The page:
Cyber espionage knows no borders

ESET researchers have uncovered a Lazarus attack on an aerospace company in Spain. The attackers used multiple tools, including a newly discovered backdoor dubbed LightlessCan by ESET.

North Korea-linked operatives of the Lazarus group gained access to the company’s network last year after a successful spear phishing attack in which they impersonated a recruiter for Meta, which owns the Facebook, Instagram and WhatsApp platforms. The ultimate goal of the attack was recorded as cyber espionage.

The fake recruiter contacted the victim via LinkedIn Messaging, a feature provided by the professional social networking platform LinkedIn. He sent the victim two coding tests that were said to be required as part of the hiring process. Through collaboration with the affected aerospace company, ESET Research was able to analyze the toolkit used by Lazarus by recreating the initial access steps. The group targeted multiple company employees.

Lazarus sent multiple payloads to victims’ systems. The most important of these was a complex, previously unrecorded remote access trojan (RAT) called LightlessCan. The trojan mimics the functions of a wide range of native Windows commands and is often exploited by attackers by replacing noisy console executions with execution that is hidden within the RAT itself. This strategic change enhances the stealth feature, making it more challenging to detect and analyze the attacker’s activities.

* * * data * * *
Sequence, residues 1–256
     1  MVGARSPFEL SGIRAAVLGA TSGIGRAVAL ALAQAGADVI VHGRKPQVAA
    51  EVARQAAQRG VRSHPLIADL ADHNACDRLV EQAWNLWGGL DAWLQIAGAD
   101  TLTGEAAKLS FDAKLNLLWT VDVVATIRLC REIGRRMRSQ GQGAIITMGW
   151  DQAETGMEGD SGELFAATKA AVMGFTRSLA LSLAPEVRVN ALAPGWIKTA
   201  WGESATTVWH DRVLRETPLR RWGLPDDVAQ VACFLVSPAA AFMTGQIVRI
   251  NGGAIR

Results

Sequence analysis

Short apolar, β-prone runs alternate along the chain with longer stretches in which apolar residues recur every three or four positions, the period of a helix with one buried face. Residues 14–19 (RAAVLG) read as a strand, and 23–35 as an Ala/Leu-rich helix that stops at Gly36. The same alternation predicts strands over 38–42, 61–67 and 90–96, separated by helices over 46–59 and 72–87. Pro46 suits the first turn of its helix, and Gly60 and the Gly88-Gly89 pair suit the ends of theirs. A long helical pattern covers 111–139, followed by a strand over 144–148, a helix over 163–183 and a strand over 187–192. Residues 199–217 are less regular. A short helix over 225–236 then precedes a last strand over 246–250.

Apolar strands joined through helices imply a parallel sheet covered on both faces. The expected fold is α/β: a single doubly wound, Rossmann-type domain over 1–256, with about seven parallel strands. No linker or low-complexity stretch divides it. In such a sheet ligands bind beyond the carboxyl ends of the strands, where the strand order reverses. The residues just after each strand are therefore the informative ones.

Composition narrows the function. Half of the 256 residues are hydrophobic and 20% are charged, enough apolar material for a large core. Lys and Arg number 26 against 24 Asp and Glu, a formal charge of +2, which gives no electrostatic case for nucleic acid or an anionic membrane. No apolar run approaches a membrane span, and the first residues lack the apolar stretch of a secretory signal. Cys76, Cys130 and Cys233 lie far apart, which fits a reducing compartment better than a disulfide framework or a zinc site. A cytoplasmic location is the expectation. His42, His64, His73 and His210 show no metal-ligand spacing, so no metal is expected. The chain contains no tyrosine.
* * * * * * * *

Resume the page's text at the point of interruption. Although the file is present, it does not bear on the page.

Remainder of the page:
Peter Kálnai, the ESET researcher who uncovered the attack, said, “The most alarming aspect of this attack is the new payload type LightlessCan, a complex and possibly self-improving tool that exhibits a high level of sophistication in its design and operation and appears to provide a significant improvement in malicious capabilities compared to its predecessor BlindingCan.”

The North Korea-linked cyber espionage group Lazarus, also known as HIDDEN COBRA, is believed to have been active since 2009. Lazarus possesses all three key characteristics of cybercriminal activity: espionage, sabotage and the desire for financial gain. Aerospace firms have been identified as familiar targets for North Korea-linked APT groups.

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